Embley, R.W. Chadwick, W.W., Perfit, M.R., Smith, M.C., and Delaney, J.R., 2000, Recent eruptions on the CoAxial segment of the Juan de Fuca Ridge: Implications for mid-ocean ridge accretion processes, J. Geophys. Res., 105, 16,501-16,525. A synthesis of what was known at that time about the 1993 and an adjacent pillow ridge emplaced between surveys done in 1982 and 1991.

Embley, R.W., Murphy, K.M., and Fox, C.G., 1990, High-resolution studies of the summit of Axial volcano, J. Geophys. Res., 95, 12,785-12,812. Best overall description of the caldera and summit of Axial volcano.

Karsten, J.L., Hammond, S.R., Davis, E.E., and Currie, R.G. 1986, Detailed morphology and neotectonics of the Endeavour Segment, Juan de Fuca Ridge: New results from Seabeam swath mapping, Geol. Soc. Am. Bulletin, 97, 213-221 Describes the tectonics and morphology of the Endeavour ridge.

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Leg 1
 Equipment

R/V Western Flyer

The R/V Western Flyer is a small water-plane area twin hull (SWATH) oceanographic research vessel measuring 35.6 meters long and 16.2 meters wide. It was designed and constructed for MBARI to serve as the support vessel for ROV operations. Her missions include the Monterey Bay as well as extended cruises to Hawaii, Gulf of California and the Pacific Northwest.

ROV Doc Ricketts

ROV Doc Ricketts is MBARI's next generation ROV. The system breaks new ground in providing an integrated unmanned submersible research platform, with many powerful features providing efficient, reliable and precise sampling and data collection in a wide range of missions.

Deep ESP

The ESP is a self-contained robotic laboratory that collects samples of seawater and tests these samples for different types of microorganisms, either their genetic material, such as DNA, or proteins they may secrete, such as toxins from a harmful algae bloom. Because of the immense pressure in the deep sea, MBARI's researchers had to build a special pressure housing to protect the delicate instrument. They also had to design and build an automated system to "depressurize" seawater before it could be introduced into the ESP.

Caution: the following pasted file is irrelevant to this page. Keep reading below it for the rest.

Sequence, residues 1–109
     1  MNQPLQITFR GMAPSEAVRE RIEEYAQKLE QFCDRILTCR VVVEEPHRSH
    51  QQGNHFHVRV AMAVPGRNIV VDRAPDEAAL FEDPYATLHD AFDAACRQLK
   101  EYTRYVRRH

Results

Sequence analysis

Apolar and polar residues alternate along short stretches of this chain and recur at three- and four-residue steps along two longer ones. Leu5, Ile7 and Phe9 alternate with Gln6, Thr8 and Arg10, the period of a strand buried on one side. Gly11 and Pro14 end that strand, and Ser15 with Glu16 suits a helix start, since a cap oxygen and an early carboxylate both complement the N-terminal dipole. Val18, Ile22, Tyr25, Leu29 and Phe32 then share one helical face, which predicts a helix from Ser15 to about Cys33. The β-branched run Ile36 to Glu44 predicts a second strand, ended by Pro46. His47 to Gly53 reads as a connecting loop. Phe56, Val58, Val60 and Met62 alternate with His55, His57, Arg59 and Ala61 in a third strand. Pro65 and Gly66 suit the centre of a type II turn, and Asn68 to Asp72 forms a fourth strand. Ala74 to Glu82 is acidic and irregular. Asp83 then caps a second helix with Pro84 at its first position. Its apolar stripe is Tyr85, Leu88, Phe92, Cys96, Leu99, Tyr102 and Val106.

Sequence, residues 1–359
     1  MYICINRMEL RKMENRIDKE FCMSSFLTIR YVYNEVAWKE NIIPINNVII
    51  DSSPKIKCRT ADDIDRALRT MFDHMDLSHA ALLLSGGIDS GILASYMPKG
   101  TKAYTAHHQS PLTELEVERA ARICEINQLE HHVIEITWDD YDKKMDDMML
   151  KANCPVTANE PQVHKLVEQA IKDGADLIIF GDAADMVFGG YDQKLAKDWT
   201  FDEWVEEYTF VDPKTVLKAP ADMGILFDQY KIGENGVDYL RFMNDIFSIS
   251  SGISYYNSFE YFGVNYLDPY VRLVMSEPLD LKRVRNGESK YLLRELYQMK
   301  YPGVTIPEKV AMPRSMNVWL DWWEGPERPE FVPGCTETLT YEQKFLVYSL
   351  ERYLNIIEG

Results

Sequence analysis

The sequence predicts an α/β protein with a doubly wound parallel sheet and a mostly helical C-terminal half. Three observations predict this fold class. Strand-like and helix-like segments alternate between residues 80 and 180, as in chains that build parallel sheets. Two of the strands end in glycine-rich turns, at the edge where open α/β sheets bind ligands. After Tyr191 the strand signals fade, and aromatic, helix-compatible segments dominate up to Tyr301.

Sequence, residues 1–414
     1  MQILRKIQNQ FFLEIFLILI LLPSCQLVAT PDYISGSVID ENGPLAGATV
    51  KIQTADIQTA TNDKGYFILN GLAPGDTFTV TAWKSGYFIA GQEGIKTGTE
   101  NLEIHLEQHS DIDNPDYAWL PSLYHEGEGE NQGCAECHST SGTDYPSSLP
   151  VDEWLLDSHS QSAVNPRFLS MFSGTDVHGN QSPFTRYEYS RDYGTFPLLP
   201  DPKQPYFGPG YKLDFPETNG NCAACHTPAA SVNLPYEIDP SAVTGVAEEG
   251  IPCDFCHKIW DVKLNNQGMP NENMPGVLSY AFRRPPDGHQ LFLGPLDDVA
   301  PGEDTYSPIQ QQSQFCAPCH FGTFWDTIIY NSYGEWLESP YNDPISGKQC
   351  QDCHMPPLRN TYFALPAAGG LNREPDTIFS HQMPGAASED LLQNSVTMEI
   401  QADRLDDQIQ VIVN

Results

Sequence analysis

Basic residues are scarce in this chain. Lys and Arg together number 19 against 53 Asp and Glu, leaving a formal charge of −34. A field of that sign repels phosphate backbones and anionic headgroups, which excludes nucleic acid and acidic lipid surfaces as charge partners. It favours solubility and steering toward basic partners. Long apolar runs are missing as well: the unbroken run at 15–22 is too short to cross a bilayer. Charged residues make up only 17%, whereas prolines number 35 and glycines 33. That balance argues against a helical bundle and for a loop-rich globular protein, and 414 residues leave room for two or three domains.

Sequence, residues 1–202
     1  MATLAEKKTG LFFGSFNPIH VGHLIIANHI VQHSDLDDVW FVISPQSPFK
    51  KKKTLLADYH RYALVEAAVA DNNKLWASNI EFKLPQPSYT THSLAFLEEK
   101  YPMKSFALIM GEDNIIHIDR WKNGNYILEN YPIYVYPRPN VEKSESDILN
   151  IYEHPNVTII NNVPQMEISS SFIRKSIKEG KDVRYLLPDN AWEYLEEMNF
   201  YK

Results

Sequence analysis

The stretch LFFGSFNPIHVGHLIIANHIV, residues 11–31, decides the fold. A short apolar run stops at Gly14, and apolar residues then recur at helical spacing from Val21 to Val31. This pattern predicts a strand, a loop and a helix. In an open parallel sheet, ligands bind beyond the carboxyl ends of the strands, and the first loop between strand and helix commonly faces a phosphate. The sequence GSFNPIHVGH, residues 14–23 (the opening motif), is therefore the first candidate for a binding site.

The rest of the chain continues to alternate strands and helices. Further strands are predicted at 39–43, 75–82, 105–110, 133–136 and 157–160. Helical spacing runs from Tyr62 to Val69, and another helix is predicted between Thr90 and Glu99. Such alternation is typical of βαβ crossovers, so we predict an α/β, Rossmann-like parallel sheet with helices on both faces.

Push cores

A push-core looks like a clear plastic tube with a rubber handle on one end. Just as its name implies, the push core is pushed down into loose sediment using the ROV's manipulator arm. As the sediment fills up the core, water exits out the top through one-way valves. When the core is pulled up again, these valves close, which (most of the time) keeps the sediment from sliding out of the core tube. When we bring these cores back to the surface, we typically look for living animals and organic material in the sediments.

Niskin bottles

Niskin bottles are used to collect water samples as well as the tiny bacteria and plankton in that volume. The caps at both ends are open until the bottles are tripped, when the caps snap closed.


Biobox

The box fits in a partition in the sample drawer. It is shown open, with an animal being placed into it by the ROV's manipulator. When the lid is closed, the box will hold water to protect the animals inside.